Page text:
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11 Feb 2004 : Column 1546Wcontinued
Tim Loughton: To ask the Secretary of State for Health (1) for what reason the deal to sell NHS Estates surplus properties and inventures to the HBOS/Miller Consortium has not yet been completed; and when he expects completion; 
Mr. Burstow: To ask the Secretary of State for Health for what reasons NHS Professionals does not use agency staff supplied to it through arrangements with private agencies who have previously registered with NHS Professionals; and what estimate NHS Professionals has made of the number of staff who have been declined in this way. 
Mr. Hutton: The NHS Professionals Special Health Authority works in partnership with national health service trusts to provide temporary staffing solutions. In the first instance, NHS Professionals will always
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endeavour to provide staff from its own bank. If this is not possible, then vacancies will be passed to agency staff approved by the partner trust.
Sandra Gidley: To ask the Secretary of State for Health what the costs were of setting up the Commission for Social Care Inspection; and what estimate has been made of the costs of operation in its first year. 
A budget for the cost of operating the new body in its first year (200405) has not yet been set but its running cost it is likely to be in the region of £150 million. As the new body will be part-financed from fees generated from its regulatory and inspection function, the net running cost which is met by a grant in aid from the Department is likely to be around £104 million.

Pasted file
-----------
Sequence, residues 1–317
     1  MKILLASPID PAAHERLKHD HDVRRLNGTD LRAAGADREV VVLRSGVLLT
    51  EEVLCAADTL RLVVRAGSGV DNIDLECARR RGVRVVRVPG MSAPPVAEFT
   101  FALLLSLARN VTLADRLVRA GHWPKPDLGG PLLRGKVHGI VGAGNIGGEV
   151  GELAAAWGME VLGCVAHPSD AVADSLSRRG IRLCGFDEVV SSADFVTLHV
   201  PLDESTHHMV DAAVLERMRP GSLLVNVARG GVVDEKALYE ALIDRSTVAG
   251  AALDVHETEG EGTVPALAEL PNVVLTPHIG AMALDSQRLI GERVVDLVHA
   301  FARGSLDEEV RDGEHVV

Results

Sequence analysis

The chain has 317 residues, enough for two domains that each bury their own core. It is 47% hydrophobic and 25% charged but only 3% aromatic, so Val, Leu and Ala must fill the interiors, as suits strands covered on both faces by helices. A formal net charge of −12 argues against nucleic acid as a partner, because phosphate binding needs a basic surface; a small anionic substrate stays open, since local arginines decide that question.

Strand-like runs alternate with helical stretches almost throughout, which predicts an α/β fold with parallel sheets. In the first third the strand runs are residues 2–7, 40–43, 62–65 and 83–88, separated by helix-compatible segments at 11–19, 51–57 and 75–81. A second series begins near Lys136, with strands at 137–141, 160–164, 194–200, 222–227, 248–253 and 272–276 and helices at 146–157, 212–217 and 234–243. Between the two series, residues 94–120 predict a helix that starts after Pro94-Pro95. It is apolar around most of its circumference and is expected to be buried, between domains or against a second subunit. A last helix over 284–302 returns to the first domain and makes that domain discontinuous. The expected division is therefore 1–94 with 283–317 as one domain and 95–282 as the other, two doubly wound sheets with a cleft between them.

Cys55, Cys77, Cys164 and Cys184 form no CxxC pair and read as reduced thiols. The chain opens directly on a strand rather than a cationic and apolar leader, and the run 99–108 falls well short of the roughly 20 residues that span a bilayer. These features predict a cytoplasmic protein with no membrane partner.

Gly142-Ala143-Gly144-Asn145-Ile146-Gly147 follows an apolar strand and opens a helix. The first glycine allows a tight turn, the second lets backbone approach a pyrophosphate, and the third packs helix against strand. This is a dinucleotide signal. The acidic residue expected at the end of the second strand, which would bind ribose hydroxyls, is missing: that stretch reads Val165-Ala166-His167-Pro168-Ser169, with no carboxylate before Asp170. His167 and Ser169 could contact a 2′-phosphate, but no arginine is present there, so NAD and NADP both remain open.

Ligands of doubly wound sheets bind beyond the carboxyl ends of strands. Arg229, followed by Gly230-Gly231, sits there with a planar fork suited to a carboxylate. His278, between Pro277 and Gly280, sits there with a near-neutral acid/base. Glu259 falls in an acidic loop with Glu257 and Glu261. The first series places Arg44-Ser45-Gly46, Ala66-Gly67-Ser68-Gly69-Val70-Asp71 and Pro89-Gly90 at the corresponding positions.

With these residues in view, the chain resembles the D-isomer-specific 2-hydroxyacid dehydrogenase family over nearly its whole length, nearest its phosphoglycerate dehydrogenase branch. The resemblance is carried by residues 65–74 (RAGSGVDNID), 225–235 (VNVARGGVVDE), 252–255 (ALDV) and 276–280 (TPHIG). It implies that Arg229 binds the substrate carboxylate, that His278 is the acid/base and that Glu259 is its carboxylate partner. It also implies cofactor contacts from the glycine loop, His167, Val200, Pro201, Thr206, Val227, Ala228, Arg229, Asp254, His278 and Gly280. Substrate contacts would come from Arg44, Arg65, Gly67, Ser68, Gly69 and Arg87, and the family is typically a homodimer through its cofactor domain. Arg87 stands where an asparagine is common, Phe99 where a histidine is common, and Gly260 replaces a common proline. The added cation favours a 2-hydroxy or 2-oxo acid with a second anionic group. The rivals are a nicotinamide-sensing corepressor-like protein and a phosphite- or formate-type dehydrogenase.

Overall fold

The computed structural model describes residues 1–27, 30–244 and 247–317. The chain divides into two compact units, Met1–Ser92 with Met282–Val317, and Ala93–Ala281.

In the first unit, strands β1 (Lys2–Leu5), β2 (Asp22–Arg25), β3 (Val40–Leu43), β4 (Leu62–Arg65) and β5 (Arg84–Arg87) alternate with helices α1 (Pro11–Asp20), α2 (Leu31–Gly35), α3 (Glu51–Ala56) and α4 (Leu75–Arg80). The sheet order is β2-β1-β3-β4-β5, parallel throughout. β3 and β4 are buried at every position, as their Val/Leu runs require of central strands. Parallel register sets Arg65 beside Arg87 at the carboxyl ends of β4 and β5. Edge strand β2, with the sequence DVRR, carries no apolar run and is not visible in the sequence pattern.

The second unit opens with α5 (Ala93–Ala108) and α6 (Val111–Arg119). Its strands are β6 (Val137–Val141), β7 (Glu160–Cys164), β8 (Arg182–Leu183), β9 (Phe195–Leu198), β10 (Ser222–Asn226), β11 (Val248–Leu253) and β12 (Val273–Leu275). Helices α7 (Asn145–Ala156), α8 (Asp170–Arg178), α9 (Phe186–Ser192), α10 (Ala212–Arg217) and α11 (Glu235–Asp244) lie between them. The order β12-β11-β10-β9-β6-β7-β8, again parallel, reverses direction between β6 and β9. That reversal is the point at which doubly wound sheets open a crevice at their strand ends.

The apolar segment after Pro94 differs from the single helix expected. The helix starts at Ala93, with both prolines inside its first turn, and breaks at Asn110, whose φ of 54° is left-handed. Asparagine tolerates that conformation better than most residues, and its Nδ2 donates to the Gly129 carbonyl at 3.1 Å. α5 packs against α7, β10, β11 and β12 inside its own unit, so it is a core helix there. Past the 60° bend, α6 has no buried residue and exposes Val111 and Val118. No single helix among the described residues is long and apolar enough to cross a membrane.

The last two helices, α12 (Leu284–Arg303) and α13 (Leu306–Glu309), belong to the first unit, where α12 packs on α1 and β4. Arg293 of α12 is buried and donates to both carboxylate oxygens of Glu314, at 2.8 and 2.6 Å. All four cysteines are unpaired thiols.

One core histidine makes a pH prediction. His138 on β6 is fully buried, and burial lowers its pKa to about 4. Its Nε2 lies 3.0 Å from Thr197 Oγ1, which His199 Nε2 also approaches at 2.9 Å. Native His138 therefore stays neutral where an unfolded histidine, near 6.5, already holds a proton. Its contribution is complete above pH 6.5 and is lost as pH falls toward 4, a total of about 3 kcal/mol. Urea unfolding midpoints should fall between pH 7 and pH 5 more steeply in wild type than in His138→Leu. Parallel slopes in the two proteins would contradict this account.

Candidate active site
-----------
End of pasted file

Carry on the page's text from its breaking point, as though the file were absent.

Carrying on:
Dr. Ladyman: In March 2003, the Department of Health provided information to the Countryside Agency on 'rural proofing' health and social care services, including those for older people. This information was included in the agency's report Rural Proofing in 200203. The report can be viewed at www.countryside.gov.uk/publications.
Mr. Bruce George: To ask the Secretary of State for Health (1) for what reasons the management of chronic skin disease was not included within the directed enhanced services of the new general medical services contract; 
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(3) what input his Department had in deciding the disease areas outlined under clinical domains in the quality framework for the general practitioner contract; [R] 
(4) what factors were taken into account in deciding which disease areas should be included in the general practitioner contract's quality framework and essential services; [R] 
(5) what assessment he has made of how the new general practitioner contract will benefit patients with chronic skin conditions. [R] 
Mr. Hutton: No disease is omitted from the new general medical services contract. The legal definition of essential services ensures that skin conditions will continue to be managed and treated in primary care to the extent such conditions can be handled appropriately and effectively in that setting. The contract also provides unprecedented investment in primary care and new mechanisms and opportunities through enhanced services to expand the range of services, improve convenience and choice for patients. This will allow the shift of specialised dermatology services from hospitals to primary care.
The quality and outcomes framework was developed by an independent group of academic general practitioners whose recommendations on which disease areas to include were based on the disease priorities across the United Kingdom, evidence-based practice and accepted national clinical guidelines, and an understanding that responsibility for ongoing management and care of patients rests principally with general practitioners and the primary care team.
Mr. Hutton: The Department regularly discusses the impact of the Working Time Directive both formally and informally with key professional groups and national health service managers in the context of NHS compliance for doctors in training from 1 August 2004.